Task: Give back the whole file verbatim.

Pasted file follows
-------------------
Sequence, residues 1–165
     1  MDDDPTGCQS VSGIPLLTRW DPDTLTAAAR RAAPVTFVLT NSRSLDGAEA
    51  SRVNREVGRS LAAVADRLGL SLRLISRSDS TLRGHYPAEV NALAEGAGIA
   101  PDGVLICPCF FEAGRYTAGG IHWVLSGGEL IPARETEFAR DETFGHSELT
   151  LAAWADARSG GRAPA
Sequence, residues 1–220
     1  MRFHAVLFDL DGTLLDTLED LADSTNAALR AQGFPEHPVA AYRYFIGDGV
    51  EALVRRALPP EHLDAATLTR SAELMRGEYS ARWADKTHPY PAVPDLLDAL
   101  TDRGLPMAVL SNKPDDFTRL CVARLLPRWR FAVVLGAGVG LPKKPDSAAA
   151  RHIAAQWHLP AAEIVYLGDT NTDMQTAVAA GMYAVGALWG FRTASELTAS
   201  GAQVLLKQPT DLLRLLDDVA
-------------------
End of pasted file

Sequence, residues 1–165
     1  MDDDPTGCQS VSGIPLLTRW DPDTLTAAAR RAAPVTFVLT NSRSLDGAEA
    51  SRVNREVGRS LAAVADRLGL SLRLISRSDS TLRGHYPAEV NALAEGAGIA
   101  PDGVLICPCF FEAGRYTAGG IHWVLSGGEL IPARETEFAR DETFGHSELT
   151  LAAWADARSG GRAPA
Sequence, residues 1–220
     1  MRFHAVLFDL DGTLLDTLED LADSTNAALR AQGFPEHPVA AYRYFIGDGV
    51  EALVRRALPP EHLDAATLTR SAELMRGEYS ARWADKTHPY PAVPDLLDAL
   101  TDRGLPMAVL SNKPDDFTRL CVARLLPRWR FAVVLGAGVG LPKKPDSAAA
   151  RHIAAQWHLP AAEIVYLGDT NTDMQTAVAA GMYAVGALWG FRTASELTAS
   201  GAQVLLKQPT DLLRLLDDVA